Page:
15:56 Fatty liver disease, which is very common in the United States, is the earliest stage in the progression toward much more serious liver diseases like cirrhosis. It is also seen people in pre-diabetes or obesity. Healthy people store their fat in their fat cells, their adipose tissue, and not their liver cells. Dr. Bailey is interested in whether or not disruption of liver clocks contributes to this build up of fat in liver cells.

17:31 As the understanding of molecular clocks grows, researchers will seek to influences parts of the clock that contribute to disease. Research teams have already shown that some drugs, at least in animal models, can fine-tune clocks to counter weight gain. Dr. Baily is looking forward to testing whether such drugs can counter the contribution of clock genes, under the action of alcohol, to liver damage

18:03 Dr. Bailey's study did look at whether the expression of proteins that break down alcohol fluctuate with time of day, but not at how active those proteins are. She has proposed a series of studies that will seek to determine what time of day is best for that glass of wine. The studies so far at least suggest that there may be times of day when the liver is more or less vulnerable to the toxic effects of alcohol.

Monday, September 2, 2013

Mechatronics: from minivans that predict crashes to unmanned battlefield rovers

Remember the Subaru ad about how its cars "transfer power from the wheels that slip to the wheels that grip"?  Behind and beyond that jingle is an emerging field of engineering described by technical terms like mechatronics and agile vehicle dynamics.

Foxhound Vehicle. Courtesy UK Ministry of Defense.
The field seeks to design intelligent vehicles that adjust power distribution to the wheels, suspension stiffness and traction control with extreme speed in the face of changing road conditions. When perfected, such "agile" vehicles will make proactive decisions to avert crashes as the wheels begin to spin.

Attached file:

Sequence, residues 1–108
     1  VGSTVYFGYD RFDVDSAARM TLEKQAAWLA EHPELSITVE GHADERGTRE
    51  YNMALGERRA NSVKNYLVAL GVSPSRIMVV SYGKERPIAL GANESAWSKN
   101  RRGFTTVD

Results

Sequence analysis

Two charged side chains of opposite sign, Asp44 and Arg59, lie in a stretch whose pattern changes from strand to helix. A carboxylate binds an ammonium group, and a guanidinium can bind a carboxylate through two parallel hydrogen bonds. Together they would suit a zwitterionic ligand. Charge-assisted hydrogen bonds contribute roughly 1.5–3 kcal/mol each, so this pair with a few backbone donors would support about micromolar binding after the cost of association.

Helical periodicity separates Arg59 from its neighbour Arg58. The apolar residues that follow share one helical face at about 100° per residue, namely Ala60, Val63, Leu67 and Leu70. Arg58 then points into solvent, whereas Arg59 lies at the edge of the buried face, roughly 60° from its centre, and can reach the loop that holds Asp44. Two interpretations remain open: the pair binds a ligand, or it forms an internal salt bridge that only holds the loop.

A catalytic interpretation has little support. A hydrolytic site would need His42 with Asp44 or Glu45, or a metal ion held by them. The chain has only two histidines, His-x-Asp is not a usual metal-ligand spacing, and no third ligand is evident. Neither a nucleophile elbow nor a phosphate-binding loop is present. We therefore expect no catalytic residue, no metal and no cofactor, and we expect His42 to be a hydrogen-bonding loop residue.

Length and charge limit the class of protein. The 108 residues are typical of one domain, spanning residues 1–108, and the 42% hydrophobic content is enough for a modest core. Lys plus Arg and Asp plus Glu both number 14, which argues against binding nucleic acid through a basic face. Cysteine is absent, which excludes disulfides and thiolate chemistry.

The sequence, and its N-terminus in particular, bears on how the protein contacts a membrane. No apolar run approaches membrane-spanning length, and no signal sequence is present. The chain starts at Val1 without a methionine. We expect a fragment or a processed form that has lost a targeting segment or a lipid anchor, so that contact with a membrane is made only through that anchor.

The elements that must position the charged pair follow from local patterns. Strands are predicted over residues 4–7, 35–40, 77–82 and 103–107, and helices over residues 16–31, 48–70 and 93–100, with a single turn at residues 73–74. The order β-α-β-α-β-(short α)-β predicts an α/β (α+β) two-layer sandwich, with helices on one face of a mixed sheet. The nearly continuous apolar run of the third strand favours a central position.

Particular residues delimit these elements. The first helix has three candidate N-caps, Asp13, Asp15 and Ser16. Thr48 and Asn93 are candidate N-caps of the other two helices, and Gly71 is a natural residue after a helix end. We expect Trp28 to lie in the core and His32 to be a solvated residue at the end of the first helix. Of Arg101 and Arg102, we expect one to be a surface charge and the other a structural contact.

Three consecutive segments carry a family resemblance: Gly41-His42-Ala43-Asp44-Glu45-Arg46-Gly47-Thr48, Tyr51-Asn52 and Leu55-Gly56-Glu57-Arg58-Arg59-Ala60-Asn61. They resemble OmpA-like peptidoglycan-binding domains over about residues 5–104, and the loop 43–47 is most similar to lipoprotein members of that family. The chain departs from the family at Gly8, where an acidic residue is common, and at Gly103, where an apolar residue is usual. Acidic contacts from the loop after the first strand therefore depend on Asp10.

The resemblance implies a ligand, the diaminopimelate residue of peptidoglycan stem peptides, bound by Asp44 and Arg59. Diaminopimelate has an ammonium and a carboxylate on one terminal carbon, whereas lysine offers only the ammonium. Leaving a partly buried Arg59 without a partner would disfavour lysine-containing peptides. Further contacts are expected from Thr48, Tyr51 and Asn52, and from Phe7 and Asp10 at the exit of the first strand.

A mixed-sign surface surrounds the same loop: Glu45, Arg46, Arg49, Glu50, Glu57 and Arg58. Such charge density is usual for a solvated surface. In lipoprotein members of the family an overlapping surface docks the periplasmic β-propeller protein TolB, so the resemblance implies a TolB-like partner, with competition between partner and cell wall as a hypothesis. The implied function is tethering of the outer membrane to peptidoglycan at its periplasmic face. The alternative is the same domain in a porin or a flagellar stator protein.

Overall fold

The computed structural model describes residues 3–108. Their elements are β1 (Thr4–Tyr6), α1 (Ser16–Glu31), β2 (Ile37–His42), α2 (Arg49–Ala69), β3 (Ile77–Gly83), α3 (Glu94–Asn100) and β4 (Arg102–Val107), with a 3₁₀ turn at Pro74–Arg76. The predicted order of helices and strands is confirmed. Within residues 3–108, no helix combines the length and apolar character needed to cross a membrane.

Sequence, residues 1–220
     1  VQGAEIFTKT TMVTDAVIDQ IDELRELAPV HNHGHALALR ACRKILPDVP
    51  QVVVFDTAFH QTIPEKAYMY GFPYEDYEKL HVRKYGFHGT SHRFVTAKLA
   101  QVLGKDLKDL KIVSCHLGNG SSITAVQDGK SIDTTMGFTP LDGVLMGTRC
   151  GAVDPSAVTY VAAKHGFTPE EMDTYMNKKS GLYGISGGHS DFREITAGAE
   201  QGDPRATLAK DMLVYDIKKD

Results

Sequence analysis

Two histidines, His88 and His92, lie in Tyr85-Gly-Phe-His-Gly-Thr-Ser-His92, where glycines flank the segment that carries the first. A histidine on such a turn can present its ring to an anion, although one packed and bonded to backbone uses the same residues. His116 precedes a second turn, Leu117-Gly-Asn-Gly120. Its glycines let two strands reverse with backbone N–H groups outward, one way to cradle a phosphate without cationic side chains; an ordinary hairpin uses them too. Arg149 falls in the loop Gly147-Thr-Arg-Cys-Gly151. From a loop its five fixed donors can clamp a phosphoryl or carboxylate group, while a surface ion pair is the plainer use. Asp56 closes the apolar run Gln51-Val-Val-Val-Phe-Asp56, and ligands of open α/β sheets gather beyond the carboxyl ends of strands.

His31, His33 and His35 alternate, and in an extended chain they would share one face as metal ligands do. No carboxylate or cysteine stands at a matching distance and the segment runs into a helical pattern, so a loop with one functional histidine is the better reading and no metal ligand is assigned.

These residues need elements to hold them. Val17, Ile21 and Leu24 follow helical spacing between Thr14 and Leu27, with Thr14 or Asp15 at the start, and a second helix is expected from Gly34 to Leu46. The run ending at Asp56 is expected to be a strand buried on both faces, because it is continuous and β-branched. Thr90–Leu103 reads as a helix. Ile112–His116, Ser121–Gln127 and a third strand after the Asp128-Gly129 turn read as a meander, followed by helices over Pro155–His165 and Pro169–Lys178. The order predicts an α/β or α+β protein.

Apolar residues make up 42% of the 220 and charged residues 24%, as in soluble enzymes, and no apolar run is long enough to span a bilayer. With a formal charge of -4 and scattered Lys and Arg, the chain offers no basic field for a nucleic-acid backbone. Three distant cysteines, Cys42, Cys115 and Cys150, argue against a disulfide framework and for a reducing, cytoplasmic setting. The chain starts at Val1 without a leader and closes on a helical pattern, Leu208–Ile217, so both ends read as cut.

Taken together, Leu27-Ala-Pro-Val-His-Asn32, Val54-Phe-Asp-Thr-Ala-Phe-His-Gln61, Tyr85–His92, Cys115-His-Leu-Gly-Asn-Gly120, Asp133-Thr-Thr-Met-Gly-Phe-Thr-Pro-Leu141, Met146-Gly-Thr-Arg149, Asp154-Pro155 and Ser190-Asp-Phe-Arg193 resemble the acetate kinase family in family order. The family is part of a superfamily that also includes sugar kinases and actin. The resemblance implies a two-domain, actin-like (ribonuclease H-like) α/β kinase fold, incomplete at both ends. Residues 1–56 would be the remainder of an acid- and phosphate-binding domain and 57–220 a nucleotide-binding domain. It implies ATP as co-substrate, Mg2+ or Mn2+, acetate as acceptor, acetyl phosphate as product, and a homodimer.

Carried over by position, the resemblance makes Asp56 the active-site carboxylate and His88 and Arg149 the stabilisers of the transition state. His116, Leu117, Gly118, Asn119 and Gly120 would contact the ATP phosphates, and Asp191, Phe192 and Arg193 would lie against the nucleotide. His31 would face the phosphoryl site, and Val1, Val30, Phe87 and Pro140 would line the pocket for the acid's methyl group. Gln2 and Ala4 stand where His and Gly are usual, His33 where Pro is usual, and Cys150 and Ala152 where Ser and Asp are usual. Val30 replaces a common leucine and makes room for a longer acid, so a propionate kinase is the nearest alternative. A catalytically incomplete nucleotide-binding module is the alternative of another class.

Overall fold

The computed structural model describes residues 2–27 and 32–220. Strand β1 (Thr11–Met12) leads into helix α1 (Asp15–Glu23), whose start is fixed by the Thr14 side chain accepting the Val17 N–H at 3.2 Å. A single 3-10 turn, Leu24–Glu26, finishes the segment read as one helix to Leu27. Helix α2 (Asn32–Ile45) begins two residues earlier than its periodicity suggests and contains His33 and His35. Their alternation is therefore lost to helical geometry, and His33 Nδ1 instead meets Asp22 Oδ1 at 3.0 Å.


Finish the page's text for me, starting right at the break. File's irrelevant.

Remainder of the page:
Systems that transfer power to the gripping wheels are also a must for vehicles meant to operate on loose soil for farming, construction, emergencies or military operations. Agile, unmanned vehicles, for instance, will soon negotiate the chaotic terrain of battlefields and disaster zones, making their own decisions while climbing out of ravines or driving over downed power poles.

We thought to talk with Vladimir Vantsevich, Ph.D., a specialist in vehicle design, as he gets set to host the UAB “agile vehicle” symposium Sept. 8-11, 2013, at the Hilton Birmingham Perimeter Park Hotel. The event will be the first to assemble experts in the specialty from around the world, and it will explore ground vehicle dynamics, energy efficiency and performance in severe environments.

Show notes for the podcast: 

1:17 Dr. Vantsevich earned his Ph.D. and Sc.D., the highest degree in the former U.S.S.R., from Belarusian National Technical University. Belarus is an independent country and home to several automotive design companies. In 1997, he received an assignment to work the deputy permanent representative from Belarus to as for the United Nations, where for the years he worked on issues related to the protection of intellectual property rights as part of the U.N. Commission on Science and Technology. After three and a half years there, he took a facutly position at Lawrence Technical University in Michigan, where he built automotive engineering programs for 11 years, before coming to UAB a year ago.

2:10  Dr. Vantsevich is a pioneer in the design of systems that distribute power between the wheels. What may seem like a technical detail has everything to with the ability of a passenger car to achieve traction on a wet road, not to mention its fuel efficiency

3:33 Dr. Vantsevich holds 30 certified inventions and is well known in the American Society of Mechanical Engineering, with most of his innovations concerned with slip differentials. A differential is a set of gears that enable wheels to rotate at different speeds as the engine applies power to them and as road conditions vary. When a car turns for instance, the wheel travelling around the outside of the turn must roll farther and faster than its counterpart on the inside. A limited slip differential is a gear arrangement that, in an off-road environment, senses when one wheel if off of the ground or has hit a patch of ice and transfers power to the wheels still in contact with the ground.